advertisement

Turnovers help Tigers pull upset

Sunday, October 12, 2003 | 12:00 a.m. CDT; updated 5:00 a.m. CDT, Monday, July 14, 2008

The momentum at Memorial Stadium changed direction more quickly than a Brad Smith cutback Saturday night.

Missouri and Nebraska exchanged long drives and turnovers for most of the first half, creating nothing short of a roller-coaster ride for the teams and their fans.

The Cornhuskers’ opening drive stalled after six plays and they punted. The Tigers offense came out throwing the ball as it had not done to that point.

Quarterback Brad Smith attempted three consecutive passes, completing two for 22 yards, before tailback Zack Abron gained 1 yard. The new approach on offense seemed to spark the Tigers until Smith began a flurry of turnovers by both teams. Smith’s first came on an overthrow to Sean Coffey, when Daniel Bullocks intercepted and returned it to the Nebraska 42.

The deflated Tigers immediately gave up a big play when quarterback Jamaal Lord hit receiver Mark LeFlore with a screen pass for a 55-yard touchdown.

Missouri made some big plays early that helped change the tide of the game, coach Gary Pinkel said.

“We called some plays more aggressively,” Pinkel said. “I would suggest that we also executed better.”

Missouri salvaged nothing on offense on its next possession, but, with the rain coming down hard, Nebraska tailback Josh Davis tried to field Brock Harvey’s punt at the 4. The ball slipped through Davis’ hands and linebacker James Kinney recovered at the Nebraska 6. The Tigers instantly gained back the momentum.

After Smith threw an incomplete pass to tight end Victor Sesay, Abron bulled his way into the end zone, dragging two defenders.

On the ensuing kickoff, Mike Matheny kicked the ball almost straight up in the air. Pinkel called it a “bloop kick” and it worked. Nebraska receiver Jack O’Holleran fumbled and Nino Williams II again recovered for the Tigers at the Nebraska 30.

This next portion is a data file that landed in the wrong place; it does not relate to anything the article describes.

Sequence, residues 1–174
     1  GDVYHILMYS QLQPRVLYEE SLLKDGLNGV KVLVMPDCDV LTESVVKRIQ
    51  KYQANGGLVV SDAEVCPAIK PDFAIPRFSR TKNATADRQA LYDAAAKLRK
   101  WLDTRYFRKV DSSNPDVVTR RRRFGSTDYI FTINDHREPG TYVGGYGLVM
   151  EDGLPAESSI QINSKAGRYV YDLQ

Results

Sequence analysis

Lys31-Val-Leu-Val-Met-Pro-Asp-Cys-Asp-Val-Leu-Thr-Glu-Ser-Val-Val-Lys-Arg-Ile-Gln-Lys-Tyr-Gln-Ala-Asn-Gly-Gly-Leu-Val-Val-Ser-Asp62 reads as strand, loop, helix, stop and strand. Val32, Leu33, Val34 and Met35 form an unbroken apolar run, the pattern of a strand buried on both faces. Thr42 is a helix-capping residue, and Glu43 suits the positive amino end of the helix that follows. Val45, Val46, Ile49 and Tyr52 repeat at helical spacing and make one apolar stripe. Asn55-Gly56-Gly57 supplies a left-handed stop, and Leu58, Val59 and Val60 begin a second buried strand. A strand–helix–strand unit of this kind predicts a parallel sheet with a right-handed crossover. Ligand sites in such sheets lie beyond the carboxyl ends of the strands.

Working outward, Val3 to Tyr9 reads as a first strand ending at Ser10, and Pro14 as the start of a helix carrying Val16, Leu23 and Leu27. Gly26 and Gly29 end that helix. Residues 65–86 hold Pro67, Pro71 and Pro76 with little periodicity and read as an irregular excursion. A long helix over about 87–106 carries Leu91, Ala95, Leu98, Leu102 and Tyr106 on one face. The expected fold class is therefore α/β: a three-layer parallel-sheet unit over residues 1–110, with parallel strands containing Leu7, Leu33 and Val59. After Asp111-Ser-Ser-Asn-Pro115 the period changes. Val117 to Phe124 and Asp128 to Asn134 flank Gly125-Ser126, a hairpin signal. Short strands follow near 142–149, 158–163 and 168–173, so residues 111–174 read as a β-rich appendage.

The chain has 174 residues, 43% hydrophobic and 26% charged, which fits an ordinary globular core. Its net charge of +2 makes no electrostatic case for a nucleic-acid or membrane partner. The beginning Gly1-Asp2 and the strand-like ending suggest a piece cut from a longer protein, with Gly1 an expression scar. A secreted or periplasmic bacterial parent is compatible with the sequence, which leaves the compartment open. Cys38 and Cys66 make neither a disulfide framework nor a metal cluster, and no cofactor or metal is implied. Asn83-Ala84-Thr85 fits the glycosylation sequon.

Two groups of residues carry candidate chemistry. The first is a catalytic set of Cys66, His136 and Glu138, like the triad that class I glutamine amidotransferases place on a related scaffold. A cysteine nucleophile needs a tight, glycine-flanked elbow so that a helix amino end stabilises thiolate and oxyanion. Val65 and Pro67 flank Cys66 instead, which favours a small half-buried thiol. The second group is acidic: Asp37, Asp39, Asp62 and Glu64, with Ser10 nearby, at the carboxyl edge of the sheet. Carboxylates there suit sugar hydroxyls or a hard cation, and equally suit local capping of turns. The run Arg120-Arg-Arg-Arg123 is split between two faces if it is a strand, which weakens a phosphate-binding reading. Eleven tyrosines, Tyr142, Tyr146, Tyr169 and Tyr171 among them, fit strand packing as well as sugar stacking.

“We thought they might have trouble with it and it was raining pretty hard,” Pinkel said. “Turnovers are huge.”

The Tigers failed to convert the opportunity, though, when Nebraska linebacker Demorrio Williams intercepted Smith’s screen pass to Darius Outlaw with 4:41 to play in the first quarter.

With momentum back on its side, Nebraska marched down the field to the Missouri 44 before receiving a false star penalty. The Cornhuskers punted again before MU coach Gary Pinkel opened his bag of tricks.

On first down from the Nebraska 47, Smith handed the ball to Outlaw on an end-around. Instead of running, Outlaw, a converted quarterback, threw back across the field to Smith, who took it 47 yards for a touchdown.

Nebraska responded with another long drive before Kinney forced Horne to fumble and Williams recovered at the 12.

The Tigers put together another long drive, but couldn’t score. Missouri then forced another Cornhusker punt, but couldn’t muster a drive. Harvey’s 21-yard punt gave Nebraska the ball at midfield with 40 seconds to go in the half.

Lord hit Ross Pilkington for 27 yards, setting up a David Dyches 30-yard field goal to make it 14-10 at halftime.

Missouri’s ability to keep the game close at halftime paid off in the second.

“We knew we could play with those guys,” Coffey said. “I knew we had a chance and after we made those plays in the second half it was probably over.”


Like what you see here? Become a member.


Show Me the Errors (What's this?)

Report corrections or additions here. Leave comments below here.

You must be logged in to participate in the Show Me the Errors contest.


Comments

Leave a comment

Speak up and join the conversation! Make sure to follow the guidelines outlined below and register with our site. You must be logged in to comment. (Our full comment policy is here.)

  • Don't use obscene, profane or vulgar language.
  • Don't use language that makes personal attacks on fellow commenters or discriminates based on race, religion, gender or ethnicity.
  • Use your real first and last name when registering on the website. It will be published with every comment. (Read why we ask for that here.)
  • Don’t solicit or promote businesses.

We are not able to monitor every comment that comes through. If you see something objectionable, please click the "Report comment" link.

You must be logged in to comment.

Forget your password?

Don't have an account? Register here.

advertisements